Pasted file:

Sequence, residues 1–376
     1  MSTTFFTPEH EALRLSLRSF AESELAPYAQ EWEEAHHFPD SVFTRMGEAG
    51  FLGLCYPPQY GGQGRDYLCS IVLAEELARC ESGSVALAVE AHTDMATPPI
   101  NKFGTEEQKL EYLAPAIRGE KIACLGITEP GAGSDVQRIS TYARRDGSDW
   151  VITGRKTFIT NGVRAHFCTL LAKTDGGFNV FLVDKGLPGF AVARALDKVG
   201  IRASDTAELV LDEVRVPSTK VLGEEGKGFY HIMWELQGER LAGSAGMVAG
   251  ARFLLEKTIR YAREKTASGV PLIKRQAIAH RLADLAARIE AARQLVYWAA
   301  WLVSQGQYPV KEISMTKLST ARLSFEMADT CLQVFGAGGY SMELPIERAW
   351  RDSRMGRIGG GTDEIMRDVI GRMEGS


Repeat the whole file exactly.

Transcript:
Sequence, residues 1–376
     1  MSTTFFTPEH EALRLSLRSF AESELAPYAQ EWEEAHHFPD SVFTRMGEAG
    51  FLGLCYPPQY GGQGRDYLCS IVLAEELARC ESGSVALAVE AHTDMATPPI
   101  NKFGTEEQKL EYLAPAIRGE KIACLGITEP GAGSDVQRIS TYARRDGSDW
   151  VITGRKTFIT NGVRAHFCTL LAKTDGGFNV FLVDKGLPGF AVARALDKVG
   201  IRASDTAELV LDEVRVPSTK VLGEEGKGFY HIMWELQGER LAGSAGMVAG
   251  ARFLLEKTIR YAREKTASGV PLIKRQAIAH RLADLAARIE AARQLVYWAA
   301  WLVSQGQYPV KEISMTKLST ARLSFEMADT CLQVFGAGGY SMELPIERAW
   351  RDSRMGRIGG GTDEIMRDVI GRMEGS